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September 16, 2008 by barbmstein@aol.com

A full harvest moon, a full club (with electricity!) and two talented singer-songwriters.

Shawn Mullins made his second appearance in Pittsburgh this year, opening for Dar Williams.  Shawn came on stage at 8 pm in blue jeans, white shirt with a tie, sport coat and hat.  Still out in support of “honeydew”, which was released in March, he sang a few songs from that CD, including the tragic true tale of “The Ballad of Kathryn Johnston” and the song that was heard in the TV show “Scrubs” “All in My Head”, adding his thanks to WYEP for the airplay.  Shawn remembered Rosebud across the river and said “Beautiful Wreck” was inspired by playing in such venues.  He reminded us that he was briefly in a group called The Thorns, with Pete Droge and Matthew Sweet (who he noted will be coming to Pittsburgh soon).  When Shawn talked about The Thorns CD, I clapped in recognition, not realizing I was the only one who was acknowledging the CD.  Shawn looked in my direction and said that his parents bought a copy of the CD and now he knows who bought the other copy.  Here's my copy of The Thorns CD, which I got signed by Shawn years ago (and it reminds me I should get Pete and Matthew’s signatures someday too). 

[gallery]

While Shawn was in high school, he took one of those career education courses.  One day Amy Ray (now of the Indigo Girls) performed for the class, and this apparently helped to inspire Shawn.  Amy even wrote Shawn a 10-page letter to encourage him.  I love it when singer-songwriters tell stories about their songs, even ones they did not write.  Normally I’m not a fan of “covers”, but Shawn’s version of “House of the Rising Sun” (written by a female and sung from that prospective) is a natural fit.  Shawn wrapped up his 65-minute acoustic set with his Australian hit “Shimmer” and a medley :) of his hit “Lullaby”.

Shawn Mullins and Dar Williams have been friends for years, so it’s only natural that they are now touring together.

Dar Williams came with her guitar, a percussionist, and a keyboardist to tell us that Pittsburgh is one of her favorite cities.  In fact if she had six houses, one would be in Pittsburgh.  Dar is an engaging performer who seemed genuinely enthusiastic about her music.  Almost bubbling over.  Dar mentioned a couple of times she was disappointed that she could not play at WYEP that afternoon (due to the power outage) and that she sent an email to her management company to book another show in Pittsburgh along with a visit to WYEP (she mentioned maybe in January).  Dar only played a couple of tracks from her new CD “Promised Land”, including the first release the catchy “It’s Alright”.  Requests were shouted from the audience, and Dar obliged her fans a couple of times.  Her back-up group gave the songs an even fuller sound from the small stage.  Dar’s blend of “folk-pop” was mostly up-tempo during her 95-minute set, except when she sent her band off-stage so she could sing a couple of songs without accompaniment.  She also returned to the stage alone to do one song for the encore.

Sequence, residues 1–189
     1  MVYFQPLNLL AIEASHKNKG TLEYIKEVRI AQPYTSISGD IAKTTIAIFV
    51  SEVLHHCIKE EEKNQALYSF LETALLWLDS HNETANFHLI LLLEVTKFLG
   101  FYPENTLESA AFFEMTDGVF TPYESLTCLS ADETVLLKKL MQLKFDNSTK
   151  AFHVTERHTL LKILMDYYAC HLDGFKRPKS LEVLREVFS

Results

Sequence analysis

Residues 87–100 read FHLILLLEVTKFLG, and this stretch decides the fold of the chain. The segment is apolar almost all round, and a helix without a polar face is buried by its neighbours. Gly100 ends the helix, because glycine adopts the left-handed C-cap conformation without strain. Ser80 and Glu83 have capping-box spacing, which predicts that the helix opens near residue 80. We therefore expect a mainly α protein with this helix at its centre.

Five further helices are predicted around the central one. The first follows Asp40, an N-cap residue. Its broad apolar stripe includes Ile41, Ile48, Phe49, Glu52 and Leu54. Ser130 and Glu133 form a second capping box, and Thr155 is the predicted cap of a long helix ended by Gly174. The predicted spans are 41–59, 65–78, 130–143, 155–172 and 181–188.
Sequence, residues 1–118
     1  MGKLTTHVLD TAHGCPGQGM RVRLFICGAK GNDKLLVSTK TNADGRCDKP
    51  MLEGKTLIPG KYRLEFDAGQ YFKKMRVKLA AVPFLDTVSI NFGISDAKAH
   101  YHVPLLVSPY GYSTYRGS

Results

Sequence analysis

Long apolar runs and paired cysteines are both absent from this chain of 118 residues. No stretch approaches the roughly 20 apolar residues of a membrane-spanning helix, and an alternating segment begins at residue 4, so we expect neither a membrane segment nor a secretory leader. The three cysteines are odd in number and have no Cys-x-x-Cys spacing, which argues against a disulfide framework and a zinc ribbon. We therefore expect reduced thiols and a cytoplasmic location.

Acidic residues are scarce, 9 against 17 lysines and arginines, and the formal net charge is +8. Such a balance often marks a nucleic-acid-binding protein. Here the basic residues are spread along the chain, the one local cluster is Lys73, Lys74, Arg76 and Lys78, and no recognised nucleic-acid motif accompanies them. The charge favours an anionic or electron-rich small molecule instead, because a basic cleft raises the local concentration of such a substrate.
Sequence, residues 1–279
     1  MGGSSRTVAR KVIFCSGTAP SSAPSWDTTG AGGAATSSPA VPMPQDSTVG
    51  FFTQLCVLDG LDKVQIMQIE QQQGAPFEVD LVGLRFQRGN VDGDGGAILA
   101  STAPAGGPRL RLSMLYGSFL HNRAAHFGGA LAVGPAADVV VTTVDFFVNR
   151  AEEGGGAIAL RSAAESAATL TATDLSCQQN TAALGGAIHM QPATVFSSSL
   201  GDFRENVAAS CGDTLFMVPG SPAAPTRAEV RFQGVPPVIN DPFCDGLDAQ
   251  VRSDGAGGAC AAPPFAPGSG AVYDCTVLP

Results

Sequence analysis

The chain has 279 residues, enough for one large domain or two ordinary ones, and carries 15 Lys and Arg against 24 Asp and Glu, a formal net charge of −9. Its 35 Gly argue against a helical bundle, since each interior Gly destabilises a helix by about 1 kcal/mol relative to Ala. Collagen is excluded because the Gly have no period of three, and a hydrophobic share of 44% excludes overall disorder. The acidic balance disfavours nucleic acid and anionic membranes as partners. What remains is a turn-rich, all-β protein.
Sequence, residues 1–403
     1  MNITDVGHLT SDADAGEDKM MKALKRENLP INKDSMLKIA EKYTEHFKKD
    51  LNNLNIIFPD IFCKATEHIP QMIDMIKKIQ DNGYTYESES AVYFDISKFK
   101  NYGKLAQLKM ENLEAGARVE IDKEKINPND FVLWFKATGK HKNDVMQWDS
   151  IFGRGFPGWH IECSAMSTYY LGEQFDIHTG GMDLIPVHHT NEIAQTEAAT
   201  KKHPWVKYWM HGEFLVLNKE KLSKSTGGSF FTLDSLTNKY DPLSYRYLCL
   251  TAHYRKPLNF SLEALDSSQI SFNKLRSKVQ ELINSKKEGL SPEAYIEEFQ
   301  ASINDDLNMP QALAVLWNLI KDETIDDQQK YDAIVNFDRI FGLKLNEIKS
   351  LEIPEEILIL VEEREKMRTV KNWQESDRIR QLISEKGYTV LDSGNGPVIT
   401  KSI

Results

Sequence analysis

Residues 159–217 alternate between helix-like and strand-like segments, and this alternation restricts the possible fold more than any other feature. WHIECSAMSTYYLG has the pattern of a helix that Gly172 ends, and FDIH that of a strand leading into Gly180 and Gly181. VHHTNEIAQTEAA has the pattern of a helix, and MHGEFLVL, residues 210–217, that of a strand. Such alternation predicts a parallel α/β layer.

A full moon shined down on the South Side, as we were treated to over 2-1/2 hours of music by 2 amazing singer-songwriters.

Barb S. - Sunday Mix Host

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September 15, 2008 by davidmhutchinson@gmail.com
I was going to write a mini-bio to precede the John Vanderslice interview below, but I can't really tell you anything that way that you couldn't read somewhere else.I can tell you that I did once ride the subway with him.  I sat a few seats away with a friend while John talked to two kids on an otherwise empty Manhattan train.  He asked them how they liked CMJ so far, what bands they had seen, how their stay in New York was going.  He never mentioned that he was a musician himself.  Never mentioned that he was also attending CMJ.  Never mentioned that he had his own showcase in the halls of Lincoln Center.  He was simply talking to some kids from somewhere that was not New York City about how their week was going.